Treasures in the Darkness, Part 1
I will go before you and level the exalted places, I will break in pieces the doors of bronze and cut through the bars of iron, I will give you the treasures of darkness and the hoards in secret places, that you may know that it is I, the Lord, the God of Israel, who call you by your name.
Isaiah 45:2-3 ESV
Without fail, whenever I have a question and answer time after I speak, someone asks, “How did people practically help you after the death of your son?” I always refer them to Chapter 11 in Treasures of Encouragement. I recognize the feelings of inadequacy in the question. People want to help hurting friends, but often just do not know how. Practical lists are helpful, and I include many in my book, but the most help comes when we are willing to die to self, to go where we are uncomfortable and experience pain beyond anything we imagined possible.
I didn’t want people to see me in the raw agony of grief. I was not pretty or easy to be around. Yet I desperately needed someone to see beyond the ugliness into my heart where I longed for hope. My sister Jane Anne became one of those people who seemed unflinching in her desire to go into the darkness with me. She soon realized that Mark’s death had catapulted me to a place outside the boundaries of anything familiar and that she could not rely on her own instincts or knowledge to help me find my way back. This is how she described her journey:
A phone call in the middle of the night started me on a journey I did not want to take. Adrenaline pumped my body into action as I threw on my clothes, resisting what I could not avoid or deny. Rushing out the door, I pleaded with my husband, “Tell me what to say! I don’t know how to help her! You have to tell me what to say!” But he couldn’t. He could only promise to pray that God would answer my plea. Sobbing and yelling my disbelief to God as I raced to the hospital, I fought two conflicting desires – to be with my sister because she needed me and to stay away because there was nothing I could do to help her. I couldn’t even pray for healing – her son was dead – taken away instantly in a car accident.
“Over the next weeks, months, and years as I went to her home, I felt as if I was stepping in to another world – a world where pain ruled and darkness shadowed every bit of life. Even two years later, on the anniversary of that awful night, I felt the familiar dread. Driving to her house with tears streaming down my face, I sobbed, why am I going? I can’t do anything to change what has happened and it hurts just to be there. But I went. Many times I went. I listened. I cried. And I prayed, begging God for mercy.
What happened when I stepped into my sister’s pain was change – change in me. In that home filled with grief was the presence of the Provider, the Comforter, and the God of Peace. Pain often prevented Sharon from realizing His presence, but I could see the clear path He was making through her suffering. As she shared her broken heart with me, I also received the treasures He was giving to her. Watching Him work shaped and strengthened my faith. She was so weak that His strength barely sustained her, but from my position it was awesome and marvelous. We were on holy ground in this journey. God would do His part in the healing process, and I had a front-row seat. He might even use me in that process. I felt honored to help bear the heaviness of her burden. I was learning so much about death and life. I would never be the same.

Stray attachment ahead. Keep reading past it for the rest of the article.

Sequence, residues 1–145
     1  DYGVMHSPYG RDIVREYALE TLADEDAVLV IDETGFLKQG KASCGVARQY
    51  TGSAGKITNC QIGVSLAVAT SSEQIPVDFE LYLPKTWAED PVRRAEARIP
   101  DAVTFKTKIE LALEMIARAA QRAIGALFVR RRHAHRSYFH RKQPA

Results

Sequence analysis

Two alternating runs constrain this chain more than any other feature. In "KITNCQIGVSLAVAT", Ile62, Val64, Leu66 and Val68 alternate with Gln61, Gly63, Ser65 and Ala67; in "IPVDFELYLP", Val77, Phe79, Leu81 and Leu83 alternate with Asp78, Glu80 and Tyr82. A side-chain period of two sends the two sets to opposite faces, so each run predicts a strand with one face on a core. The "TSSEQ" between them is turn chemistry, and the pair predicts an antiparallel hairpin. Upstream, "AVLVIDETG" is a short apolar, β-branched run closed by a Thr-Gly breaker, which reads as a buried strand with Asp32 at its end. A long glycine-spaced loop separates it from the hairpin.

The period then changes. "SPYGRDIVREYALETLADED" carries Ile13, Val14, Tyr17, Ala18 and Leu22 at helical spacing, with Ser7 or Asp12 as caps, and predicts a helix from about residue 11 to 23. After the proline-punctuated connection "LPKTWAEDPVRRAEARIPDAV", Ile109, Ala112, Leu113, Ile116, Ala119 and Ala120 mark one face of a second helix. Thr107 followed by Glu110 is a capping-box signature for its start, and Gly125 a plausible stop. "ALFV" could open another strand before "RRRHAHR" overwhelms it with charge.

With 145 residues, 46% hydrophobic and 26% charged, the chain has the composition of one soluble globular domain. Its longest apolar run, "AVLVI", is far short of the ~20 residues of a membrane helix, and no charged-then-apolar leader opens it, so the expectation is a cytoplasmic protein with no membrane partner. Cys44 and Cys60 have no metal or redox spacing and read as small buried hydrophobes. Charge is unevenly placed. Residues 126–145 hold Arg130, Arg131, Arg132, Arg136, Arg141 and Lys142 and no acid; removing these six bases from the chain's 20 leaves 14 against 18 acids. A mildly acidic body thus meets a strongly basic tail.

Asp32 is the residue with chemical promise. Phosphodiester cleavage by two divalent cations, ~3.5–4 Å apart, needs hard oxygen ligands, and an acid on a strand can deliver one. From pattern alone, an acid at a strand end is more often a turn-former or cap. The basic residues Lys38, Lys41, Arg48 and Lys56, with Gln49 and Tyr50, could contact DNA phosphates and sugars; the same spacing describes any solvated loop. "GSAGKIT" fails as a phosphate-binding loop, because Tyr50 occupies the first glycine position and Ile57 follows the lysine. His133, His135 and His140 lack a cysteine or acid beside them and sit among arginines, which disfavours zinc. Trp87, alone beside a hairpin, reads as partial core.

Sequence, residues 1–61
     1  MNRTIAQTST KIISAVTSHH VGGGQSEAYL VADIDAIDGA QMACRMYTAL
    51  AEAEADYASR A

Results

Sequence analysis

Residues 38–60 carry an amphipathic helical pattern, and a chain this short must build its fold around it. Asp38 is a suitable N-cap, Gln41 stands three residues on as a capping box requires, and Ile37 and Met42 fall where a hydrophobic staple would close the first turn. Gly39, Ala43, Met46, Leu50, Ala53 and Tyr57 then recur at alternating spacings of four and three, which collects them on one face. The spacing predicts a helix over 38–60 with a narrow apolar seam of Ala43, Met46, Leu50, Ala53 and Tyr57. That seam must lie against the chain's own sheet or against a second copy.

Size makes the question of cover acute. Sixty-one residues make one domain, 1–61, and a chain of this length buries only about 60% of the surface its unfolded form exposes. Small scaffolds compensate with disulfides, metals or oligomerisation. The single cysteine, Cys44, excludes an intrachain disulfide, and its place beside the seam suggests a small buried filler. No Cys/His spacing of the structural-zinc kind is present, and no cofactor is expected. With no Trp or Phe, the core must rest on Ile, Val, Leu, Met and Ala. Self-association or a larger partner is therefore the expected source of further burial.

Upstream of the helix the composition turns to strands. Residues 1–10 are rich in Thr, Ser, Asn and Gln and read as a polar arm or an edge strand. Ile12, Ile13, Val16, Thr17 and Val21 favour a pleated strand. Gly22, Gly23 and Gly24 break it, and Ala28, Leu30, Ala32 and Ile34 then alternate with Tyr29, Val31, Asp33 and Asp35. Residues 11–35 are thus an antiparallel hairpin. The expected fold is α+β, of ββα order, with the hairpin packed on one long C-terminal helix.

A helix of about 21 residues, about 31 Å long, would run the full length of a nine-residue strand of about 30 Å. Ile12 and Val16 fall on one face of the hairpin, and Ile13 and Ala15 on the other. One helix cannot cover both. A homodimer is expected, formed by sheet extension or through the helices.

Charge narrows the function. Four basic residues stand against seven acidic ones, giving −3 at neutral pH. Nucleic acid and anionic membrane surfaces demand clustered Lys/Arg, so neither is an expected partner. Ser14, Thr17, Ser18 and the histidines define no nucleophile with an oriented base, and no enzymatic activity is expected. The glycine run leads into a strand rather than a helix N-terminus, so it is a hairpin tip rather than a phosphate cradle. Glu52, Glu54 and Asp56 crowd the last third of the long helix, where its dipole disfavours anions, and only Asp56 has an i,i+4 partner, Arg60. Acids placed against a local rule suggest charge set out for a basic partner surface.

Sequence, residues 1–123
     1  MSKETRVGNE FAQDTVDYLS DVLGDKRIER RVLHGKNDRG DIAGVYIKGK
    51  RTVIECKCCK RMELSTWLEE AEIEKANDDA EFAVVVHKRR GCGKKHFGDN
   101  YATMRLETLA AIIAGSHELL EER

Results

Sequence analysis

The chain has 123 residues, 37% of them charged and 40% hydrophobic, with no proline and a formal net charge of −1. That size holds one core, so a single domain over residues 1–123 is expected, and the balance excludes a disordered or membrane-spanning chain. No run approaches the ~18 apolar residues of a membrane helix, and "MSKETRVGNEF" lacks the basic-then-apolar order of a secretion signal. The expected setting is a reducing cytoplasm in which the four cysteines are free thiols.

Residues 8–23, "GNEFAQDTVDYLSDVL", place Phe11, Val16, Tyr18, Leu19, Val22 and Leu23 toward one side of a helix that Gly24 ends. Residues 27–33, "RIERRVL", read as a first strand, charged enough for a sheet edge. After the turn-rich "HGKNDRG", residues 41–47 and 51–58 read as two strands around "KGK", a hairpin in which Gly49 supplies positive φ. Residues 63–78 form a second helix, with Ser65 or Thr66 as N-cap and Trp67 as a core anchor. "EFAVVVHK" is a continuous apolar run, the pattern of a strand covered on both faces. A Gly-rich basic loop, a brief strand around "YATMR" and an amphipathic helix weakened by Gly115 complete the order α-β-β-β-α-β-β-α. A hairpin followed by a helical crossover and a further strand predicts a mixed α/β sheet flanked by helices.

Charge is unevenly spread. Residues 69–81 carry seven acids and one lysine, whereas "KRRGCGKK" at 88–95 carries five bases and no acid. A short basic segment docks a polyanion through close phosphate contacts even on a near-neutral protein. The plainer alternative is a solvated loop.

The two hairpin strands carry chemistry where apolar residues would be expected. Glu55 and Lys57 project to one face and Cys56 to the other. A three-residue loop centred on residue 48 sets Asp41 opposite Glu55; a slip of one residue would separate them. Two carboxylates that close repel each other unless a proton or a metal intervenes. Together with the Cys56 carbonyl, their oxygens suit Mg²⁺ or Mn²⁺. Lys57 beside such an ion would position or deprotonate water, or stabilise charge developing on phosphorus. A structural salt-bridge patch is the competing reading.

Was I adequate for the task of ministering to her? Definitely not! Time and time again I felt totally incapable of dealing with her needs. Though most of the time, I believe I was asking more of myself that she was expecting of me. All she wanted was my love and my presence along her journey through the darkness. That usually meant just listening to what she was feeling and thinking. But just listening was excruciating, and not having answers was maddening.
Through my tears and frustration, God led me to places I had never been and showed me things I never would have seen. My spiritual life has depth I had never experienced. I know better who I am because I know better who God is. The reality of death has brought God closer than ever. I see Him in everything now. I have confidence that He will do what I cannot do, and I know that His ways are beyond me. How grateful I am that He chose me to be the vessel from which He poured out His love to her. Little did I know on that life-changing night that the treasures found in darkness, which God was planning for her, would be mine, too.” (Treasures of Encouragement, Pages 178-179, P&R Publishing, used with permission)
Is God calling you into the darkness with a broken friend? There are treasures waiting for you when you die to self and go in His strength.
Oh Lord, how grateful I am for those who travelled into the darkness with me. I pray that someone reading this will recognize Your call to go into the darkness with a friend who is hanging on to life by her fingernails. May that person reflect the help and hope that only Jesus offers.